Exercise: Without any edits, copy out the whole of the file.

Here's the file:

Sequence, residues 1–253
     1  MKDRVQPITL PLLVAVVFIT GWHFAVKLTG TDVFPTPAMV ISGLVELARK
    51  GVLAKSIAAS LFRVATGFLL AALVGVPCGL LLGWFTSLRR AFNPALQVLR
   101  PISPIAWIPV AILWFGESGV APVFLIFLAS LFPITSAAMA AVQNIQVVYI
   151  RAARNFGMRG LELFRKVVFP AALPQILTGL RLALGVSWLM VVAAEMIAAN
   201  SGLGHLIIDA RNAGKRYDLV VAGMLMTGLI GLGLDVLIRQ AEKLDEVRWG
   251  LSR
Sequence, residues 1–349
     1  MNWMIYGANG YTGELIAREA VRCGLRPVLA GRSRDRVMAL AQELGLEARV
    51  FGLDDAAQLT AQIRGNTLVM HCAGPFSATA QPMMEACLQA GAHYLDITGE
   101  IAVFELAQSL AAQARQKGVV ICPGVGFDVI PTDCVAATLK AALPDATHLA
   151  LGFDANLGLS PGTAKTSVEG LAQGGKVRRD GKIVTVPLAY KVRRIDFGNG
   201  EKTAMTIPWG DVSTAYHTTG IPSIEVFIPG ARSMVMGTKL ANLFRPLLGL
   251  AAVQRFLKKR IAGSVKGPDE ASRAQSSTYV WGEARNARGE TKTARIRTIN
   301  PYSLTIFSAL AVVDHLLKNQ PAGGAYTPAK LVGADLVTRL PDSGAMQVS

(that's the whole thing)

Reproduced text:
Sequence, residues 1–253
     1  MKDRVQPITL PLLVAVVFIT GWHFAVKLTG TDVFPTPAMV ISGLVELARK
    51  GVLAKSIAAS LFRVATGFLL AALVGVPCGL LLGWFTSLRR AFNPALQVLR
   101  PISPIAWIPV AILWFGESGV APVFLIFLAS LFPITSAAMA AVQNIQVVYI
   151  RAARNFGMRG LELFRKVVFP AALPQILTGL RLALGVSWLM VVAAEMIAAN
   201  SGLGHLIIDA RNAGKRYDLV VAGMLMTGLI GLGLDVLIRQ AEKLDEVRWG
   251  LSR
Sequence, residues 1–349
     1  MNWMIYGANG YTGELIAREA VRCGLRPVLA GRSRDRVMAL AQELGLEARV
    51  FGLDDAAQLT AQIRGNTLVM HCAGPFSATA QPMMEACLQA GAHYLDITGE
   101  IAVFELAQSL AAQARQKGVV ICPGVGFDVI PTDCVAATLK AALPDATHLA
   151  LGFDANLGLS PGTAKTSVEG LAQGGKVRRD GKIVTVPLAY KVRRIDFGNG
   201  EKTAMTIPWG DVSTAYHTTG IPSIEVFIPG ARSMVMGTKL ANLFRPLLGL
   251  AAVQRFLKKR IAGSVKGPDE ASRAQSSTYV WGEARNARGE TKTARIRTIN
   301  PYSLTIFSAL AVVDHLLKNQ PAGGAYTPAK LVGADLVTRL PDSGAMQVS